In the News – How granite countertops became an American obsession
Granite countertops have become a stone idol. If you’ve ever seen an episode of House Hunters, half of those people would rather have granite countertops than a roof.
It hasn’t always been that way. In 1986, when legendary graphic designer Deborah Sussmanused granite countertops in her kitchen, the New York Times called it a “down-to-earth” choice. The next year, it was singled out as a cutting-edge material in the Los Angeles Times, but still too expensive for most people. Throughout the ’80s, granite was still jockeying with marble for favor among California yuppies.
So how did granite go from niche countertop to mass fixation? American imports of granite have increased about tenfold in the past 20 years. It’s not only changing consumer tastes that caused the shift — big global market forces have a hand in the granite takeover as well.
Emerson Schwartzkopf has been covering stone for more than a decade and is the editor of the industry publication Stone Update. He used his expertise to guide me through how homebuyers became granite-obsessed maniacs.
1) More countries started getting into granite. Especially Brazil.
If you’re a bettor, it’s generally a safe wager that someone’s granite countertops came from Brazil.
Before the mid-’90s and 2000s, Italy had a leading position in granite processing, but things opened up after that. “In the early 2000s,” Schwartzkopf says, “you started to have a number of different countries enter.” More were both quarrying granite (getting it out of the ground) and processing it into worked granite (refining it to be cut). The United States has granite, but other countries could provide more at a lower price. That led to more countertops, creating a cycle in which supply and demand surged.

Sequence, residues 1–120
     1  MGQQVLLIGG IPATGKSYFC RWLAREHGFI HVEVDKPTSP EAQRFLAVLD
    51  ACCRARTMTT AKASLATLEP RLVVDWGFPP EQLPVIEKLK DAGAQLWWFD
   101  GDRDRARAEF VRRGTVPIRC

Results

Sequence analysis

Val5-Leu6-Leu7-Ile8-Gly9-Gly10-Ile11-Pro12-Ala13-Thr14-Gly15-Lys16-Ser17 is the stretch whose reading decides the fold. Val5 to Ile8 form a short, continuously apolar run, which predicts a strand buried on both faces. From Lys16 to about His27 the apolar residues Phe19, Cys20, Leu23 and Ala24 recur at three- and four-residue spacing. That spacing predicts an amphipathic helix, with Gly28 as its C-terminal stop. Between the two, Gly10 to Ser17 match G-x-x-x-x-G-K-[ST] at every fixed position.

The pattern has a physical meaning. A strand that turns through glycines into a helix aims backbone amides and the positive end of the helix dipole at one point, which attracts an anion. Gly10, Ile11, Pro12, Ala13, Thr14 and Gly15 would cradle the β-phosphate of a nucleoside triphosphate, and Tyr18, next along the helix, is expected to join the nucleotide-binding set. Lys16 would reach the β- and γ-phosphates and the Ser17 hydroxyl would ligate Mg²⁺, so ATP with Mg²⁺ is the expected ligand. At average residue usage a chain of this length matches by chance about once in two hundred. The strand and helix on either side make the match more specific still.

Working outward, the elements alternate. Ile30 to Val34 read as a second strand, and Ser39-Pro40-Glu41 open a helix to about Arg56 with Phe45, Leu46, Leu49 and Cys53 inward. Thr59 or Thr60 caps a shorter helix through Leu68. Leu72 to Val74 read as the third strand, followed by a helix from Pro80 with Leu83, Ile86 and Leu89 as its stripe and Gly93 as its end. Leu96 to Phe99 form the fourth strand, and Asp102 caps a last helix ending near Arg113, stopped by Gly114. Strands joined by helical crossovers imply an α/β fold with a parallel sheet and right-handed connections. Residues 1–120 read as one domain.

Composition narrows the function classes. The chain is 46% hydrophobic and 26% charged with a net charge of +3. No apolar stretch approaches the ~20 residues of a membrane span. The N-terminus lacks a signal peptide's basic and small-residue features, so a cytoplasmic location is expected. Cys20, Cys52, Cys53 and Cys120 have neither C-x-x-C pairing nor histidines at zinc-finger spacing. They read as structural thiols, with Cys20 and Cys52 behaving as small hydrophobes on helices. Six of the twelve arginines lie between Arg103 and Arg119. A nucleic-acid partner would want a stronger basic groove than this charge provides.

For the most part, American imports of finished granite are dominated by Brazil, China, and India, with Brazil providing about half of the worked granite supply. That means your granite probably came from an international market and likely landed somewhere in Brazil or China along the way.
Just what kind of scale are we talking about? It’s massive. Based on estimates from the US International Trade Commission, total United States imports of processed granite were about 206,000 metric tons in 1996. In 2014, they exceeded 2 million metric tons.
“In the real heights of 2006,” Schwarzkopf recalls, “importers from Brazil were going around the United States trying to find excess capacity to take granite.” Granite supply isn’t a problem — it’s about which countries can get it out quickest and cheapest, and right now those countries are Brazil, China, and India.
2) Shipping granite got easier
In the past, people typically got their domestic granite from local suppliers, and that kept them roughly in sync with local costs. As global granite became more easily shippable, it became more affordable for builders and consumers.
“Containerized shipping is not the newest thing on the block,” Schwartzkopf notes, but its rise had an influence in lowering granite prices.